Dx coding for Gastroparesis and Anorexia

fredcpc

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I have a Doctor's Impression statement that reads, "Anorexia and Gastropareis." And Gastroparesis can be a cause of Anorexia. So is the "and" enough to Code First the Anorexia then the Gastropareis? Or, do we code them completely separate?
 

btadlock1

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I'd code them separately - Gastroparesis can also be caused by diabetes, so the etiology of Anorexia should be primary. I wouldn't read too much into the "and" - I think the doctor's just saying that the patient has both. I would think the order of the conditions says something, though. The doctor listing Anorexia first tells me that he considers it the main issue. I might be wrong about that, though - a good way to check is to see if the note indicates anorexia, or anorexia nervosa. If it is anorexia nervosa, then it's a safe bet that it's the etiology, not the manifestation. If not, then you'll have to rely on the body of the note to give you context clues as to whether the chicken or the egg came first.
:D
 

preserene

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Anorexia nervosa is one of the underlying causes of gastroparesis (delayed emptying of the stomach due to a sort of vagus paralysis or paresis for which one reason being anorexia nervosa. The codes i would assign are 307.1, 536.3.
There is yet another anorexia (plain) which is just loss of appetite(783.0). Since your doctor documented "anorexia" alone you could very well clarify with him or her.
But the syndrome associated with gastroparisis is Anorexia nervosa.
 

fredcpc

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dx coding for gastroparesis

THanks, I think that I came up with the same thing....

Do you remember the EKG encounter we discussed for a while? I think that I have the answer.
I am going with a 99214 (no modifier) plus 93000 (difficult choice), and both are linked to 786.50 and V45.82, which post RCA and and stent(actually a PTCA or V45.82). It is perfect.

My questions are can I used the V45.82 in my part A of the MDM? And any other feedback?
:cool:
 

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I don't think the V-Code fits in with the MDM. The doctor makes it pretty clear that he doesn't think they're related, with the word "noncardiac" describing the chest pain. So I wouldn't take it into consideration for the current diagnosis or treatment options, and the note's not really clear that the doctor ordered or reviewed old record records relevant to the V-code's description (such as the surgical note from the stent); only the past chest x-ray, if I remember correctly (which is really non-specific). The past cardiac conditions are ruled out of the risk portion, also, because the current exam shows no indication of current cardiac complications, so I'd think factoring either in the MDM is really a stretch. At this point, they're more informative than problem-pertinent.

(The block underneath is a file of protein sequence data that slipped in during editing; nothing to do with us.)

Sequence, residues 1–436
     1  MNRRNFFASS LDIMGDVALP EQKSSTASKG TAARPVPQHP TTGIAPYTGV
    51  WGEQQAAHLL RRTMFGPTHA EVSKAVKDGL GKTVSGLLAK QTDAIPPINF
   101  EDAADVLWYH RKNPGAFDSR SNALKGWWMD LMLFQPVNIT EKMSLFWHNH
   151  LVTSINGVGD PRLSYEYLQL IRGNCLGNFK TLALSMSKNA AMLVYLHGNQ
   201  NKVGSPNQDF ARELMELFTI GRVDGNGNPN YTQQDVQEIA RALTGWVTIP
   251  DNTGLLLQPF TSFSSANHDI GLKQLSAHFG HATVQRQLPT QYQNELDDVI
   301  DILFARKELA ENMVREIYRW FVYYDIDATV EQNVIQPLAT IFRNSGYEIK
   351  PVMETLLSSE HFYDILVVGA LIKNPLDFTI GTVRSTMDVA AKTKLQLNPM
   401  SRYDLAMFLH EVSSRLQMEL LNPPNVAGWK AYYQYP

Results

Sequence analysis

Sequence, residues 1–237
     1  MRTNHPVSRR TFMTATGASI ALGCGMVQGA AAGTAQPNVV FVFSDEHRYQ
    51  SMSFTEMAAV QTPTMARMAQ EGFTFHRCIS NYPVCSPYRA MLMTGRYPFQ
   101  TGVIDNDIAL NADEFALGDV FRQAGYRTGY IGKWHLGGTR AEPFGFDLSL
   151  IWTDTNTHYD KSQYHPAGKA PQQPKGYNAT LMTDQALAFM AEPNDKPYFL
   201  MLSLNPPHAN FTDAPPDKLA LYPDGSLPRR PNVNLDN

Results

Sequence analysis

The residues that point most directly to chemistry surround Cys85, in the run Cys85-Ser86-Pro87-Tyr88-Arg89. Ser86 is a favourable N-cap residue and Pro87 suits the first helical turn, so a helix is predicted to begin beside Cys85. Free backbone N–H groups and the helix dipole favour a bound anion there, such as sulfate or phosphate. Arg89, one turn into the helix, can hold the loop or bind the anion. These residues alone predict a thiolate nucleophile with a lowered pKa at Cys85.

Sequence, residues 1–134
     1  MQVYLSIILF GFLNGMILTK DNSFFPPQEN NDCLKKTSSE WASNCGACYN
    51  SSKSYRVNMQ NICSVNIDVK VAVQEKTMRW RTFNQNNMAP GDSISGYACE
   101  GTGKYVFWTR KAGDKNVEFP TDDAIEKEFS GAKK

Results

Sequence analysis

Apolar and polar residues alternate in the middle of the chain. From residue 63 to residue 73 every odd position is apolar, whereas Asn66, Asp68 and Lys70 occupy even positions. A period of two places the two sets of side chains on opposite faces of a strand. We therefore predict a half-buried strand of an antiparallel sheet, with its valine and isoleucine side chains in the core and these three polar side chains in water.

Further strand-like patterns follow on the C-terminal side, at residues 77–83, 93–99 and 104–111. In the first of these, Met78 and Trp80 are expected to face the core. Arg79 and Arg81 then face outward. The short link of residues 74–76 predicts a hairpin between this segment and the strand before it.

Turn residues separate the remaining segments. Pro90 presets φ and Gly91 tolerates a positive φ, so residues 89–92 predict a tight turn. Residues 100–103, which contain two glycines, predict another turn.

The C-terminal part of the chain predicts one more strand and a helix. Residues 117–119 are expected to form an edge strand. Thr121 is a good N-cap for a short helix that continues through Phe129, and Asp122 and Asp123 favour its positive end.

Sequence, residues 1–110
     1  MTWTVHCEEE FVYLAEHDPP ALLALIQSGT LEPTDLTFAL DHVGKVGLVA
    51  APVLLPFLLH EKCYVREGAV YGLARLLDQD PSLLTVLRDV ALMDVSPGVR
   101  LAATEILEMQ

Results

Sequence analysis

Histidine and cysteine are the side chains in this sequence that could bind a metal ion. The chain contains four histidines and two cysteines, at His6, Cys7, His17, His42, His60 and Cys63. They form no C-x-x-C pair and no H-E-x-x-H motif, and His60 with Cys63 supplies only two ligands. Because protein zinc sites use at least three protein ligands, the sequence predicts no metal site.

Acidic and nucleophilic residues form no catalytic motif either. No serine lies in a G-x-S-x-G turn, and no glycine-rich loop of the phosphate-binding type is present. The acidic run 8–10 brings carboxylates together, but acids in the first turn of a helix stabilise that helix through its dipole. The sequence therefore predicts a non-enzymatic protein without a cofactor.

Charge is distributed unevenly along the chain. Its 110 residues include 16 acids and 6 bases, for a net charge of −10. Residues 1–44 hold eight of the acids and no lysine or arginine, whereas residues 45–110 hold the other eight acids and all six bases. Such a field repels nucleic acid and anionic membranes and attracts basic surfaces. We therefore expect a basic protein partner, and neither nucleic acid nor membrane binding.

fredcpc

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V45.82

You are right about the non-cardiac pain statement. But the statement was "suspect this is non-cardiac pain, probably chest wall." The dr. recommended Darvocet, which is a risky pain reliever. However, he also Rx'd Nitroglycerin. He also did an EKG.

Also, the patient also had a brother that died of an MI. You may be right here, but why the Nitro? :rolleyes:
 

fredcpc

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dx coding for gastroparesis

Preserene -- I am a remote coder, so I can not ask anyone. Wish I could. The Anorexia Nervosa dx code, first, would make more sense, but the doctor only mentioned Anorexia. So my only choice is to code Anorexia then Gastroparesis. :D
 

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V45.82

Also, the doctor's office originally coded a 414.01, which is RCA. The V45.82 just means that she had PTCA in the past. So, I don't know, but I am going to sleep on it. ;)
 

preserene

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Hi Fred, I am sorry.
Well in that case you are right, when doctor did not document we cannot assume the diagnosis.
But for indepth insight and for relevance of the scenario, I just jot down some points here:
anorexia= Loss of appetite, especially as a result of disease. This could be temporary or a chronic illness an dto my knowledge this does not land up with neuronal entity , like gastroparesis
Anorexia nervosa= is usually a teenager's self inflicted disorder- an eating disorder characterized by refusal to maintain a healthy body weight and an obsessive fear of gaining weight, admixed with cognitive biases] Persons with anorexia nervosa continue to feel hunger, but deny themselves all but very small quantities of food. The average caloric intake of a person with anorexia nervosa is 600-800 calories per day, but in extreme cases self-starvation is more extreme.It is a serious mental illness with a high incidence of comorbidity .It is this type of anorexa nervosa which causes gastroparesis.
Anorexia nervosa is the one which is attributed to gastroparesis always and it merits for primary diagnosis.